Wednesday, April 15, 2009


For years, we—and many others—have been claiming that the concentration of homeless services in the North 12th Street/Richards Blvd area has served as a magnet to attract homeless from other regions and subsequently to set up illegal campsites in the American River Parkway to be close to the services, a position the illegal campers agree on, as this article notes.

It also explains how the service providers actually help them set up the illegal camps, something we had not known.

Scattering services throughout the community will be much more effective in helping the homeless, and reducing the corrosive impact that the concentration of services has on the residents of poor communities, struggling businesses, and the heavily impacted American River Parkway.

An excerpt.

“(Sacramento, CA) On Monday, police officers handed out flyers telling residents to leave within 48 hours. Construction crews began marking boundaries for a new fence to be built later this week. And homeless advocates brought trucks by to help some residents move.

“Robert Booker doesn’t want to, but he’s packing his tent. It’s Moving Day for Booker and some other tent city residents – but they’re not moving very far.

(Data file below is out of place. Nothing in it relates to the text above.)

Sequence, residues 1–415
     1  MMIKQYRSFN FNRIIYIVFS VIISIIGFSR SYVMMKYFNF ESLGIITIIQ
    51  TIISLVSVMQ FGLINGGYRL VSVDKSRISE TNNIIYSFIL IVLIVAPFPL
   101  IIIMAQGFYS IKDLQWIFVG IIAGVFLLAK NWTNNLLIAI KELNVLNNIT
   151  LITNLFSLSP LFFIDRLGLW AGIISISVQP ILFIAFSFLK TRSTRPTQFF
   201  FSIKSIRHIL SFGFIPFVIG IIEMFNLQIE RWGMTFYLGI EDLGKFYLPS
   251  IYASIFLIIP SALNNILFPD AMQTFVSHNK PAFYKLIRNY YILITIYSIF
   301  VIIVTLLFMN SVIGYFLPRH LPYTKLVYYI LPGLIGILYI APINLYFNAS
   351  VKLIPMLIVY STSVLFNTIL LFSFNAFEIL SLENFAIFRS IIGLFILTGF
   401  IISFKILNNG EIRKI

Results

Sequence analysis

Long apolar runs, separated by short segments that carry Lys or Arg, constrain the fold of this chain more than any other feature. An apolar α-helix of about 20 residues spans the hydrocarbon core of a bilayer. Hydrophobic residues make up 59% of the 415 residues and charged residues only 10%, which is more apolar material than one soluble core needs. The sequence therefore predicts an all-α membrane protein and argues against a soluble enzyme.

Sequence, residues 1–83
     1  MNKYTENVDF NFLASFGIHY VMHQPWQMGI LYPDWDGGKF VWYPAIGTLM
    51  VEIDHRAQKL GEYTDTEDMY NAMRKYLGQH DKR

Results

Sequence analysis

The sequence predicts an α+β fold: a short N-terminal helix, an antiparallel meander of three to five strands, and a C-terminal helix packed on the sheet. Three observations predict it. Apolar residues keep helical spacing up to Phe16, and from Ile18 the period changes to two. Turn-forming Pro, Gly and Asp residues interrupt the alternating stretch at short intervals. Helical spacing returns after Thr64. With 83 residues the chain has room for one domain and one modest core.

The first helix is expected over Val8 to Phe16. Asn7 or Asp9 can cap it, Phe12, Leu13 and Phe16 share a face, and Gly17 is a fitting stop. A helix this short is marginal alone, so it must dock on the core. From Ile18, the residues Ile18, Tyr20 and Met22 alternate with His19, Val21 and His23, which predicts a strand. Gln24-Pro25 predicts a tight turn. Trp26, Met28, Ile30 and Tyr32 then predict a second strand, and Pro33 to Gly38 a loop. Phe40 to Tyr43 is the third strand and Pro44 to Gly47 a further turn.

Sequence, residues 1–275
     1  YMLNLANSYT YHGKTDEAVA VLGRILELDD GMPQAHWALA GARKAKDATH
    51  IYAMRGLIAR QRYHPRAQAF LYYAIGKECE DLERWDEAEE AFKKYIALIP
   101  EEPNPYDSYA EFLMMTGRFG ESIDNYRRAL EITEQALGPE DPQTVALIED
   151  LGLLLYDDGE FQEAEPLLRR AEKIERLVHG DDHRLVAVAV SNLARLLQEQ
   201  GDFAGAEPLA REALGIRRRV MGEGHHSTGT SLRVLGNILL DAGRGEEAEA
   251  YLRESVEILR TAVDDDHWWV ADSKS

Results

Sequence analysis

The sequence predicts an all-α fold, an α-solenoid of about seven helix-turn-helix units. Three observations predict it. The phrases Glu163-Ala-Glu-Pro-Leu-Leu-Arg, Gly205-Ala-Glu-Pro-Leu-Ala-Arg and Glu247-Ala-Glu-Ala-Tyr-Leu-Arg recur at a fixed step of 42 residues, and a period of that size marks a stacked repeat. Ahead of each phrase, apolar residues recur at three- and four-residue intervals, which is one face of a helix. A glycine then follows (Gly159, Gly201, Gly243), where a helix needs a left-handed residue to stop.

“Booker: “The two trees – the big ones – and then see that big radio tower?”

“He points to the east, maybe a couple football fields down the river – and just beyond the property line the Sacramento Municipal Utilities District plans to fence off later this week.

“Booker: “Between those two is a clearing right there, and that’s where we’re moving.”

“Ben: “You’re basically moving the minimum distance to get off the property.”

“Booker: “Exactly. Because the services are over here – Loaves and Fishes, Salvation Army. So the further you get away from it, the harder it is to use the services.”

“Booker walks over to a nearby pickup truck and starts loading it up. The truck belongs to Garren Bratcher, who works at the nearby Loaves and Fishes soup kitchen. He’s been driving back and forth from the old campsite to the new one all morning long.

“Bratcher: “I brought my pickup, and Loaves and Fishes paid for the gasoline, and just helping people move. If they need assistance, they can put their stuff in my truck and I’ll take them wherever they want to go.”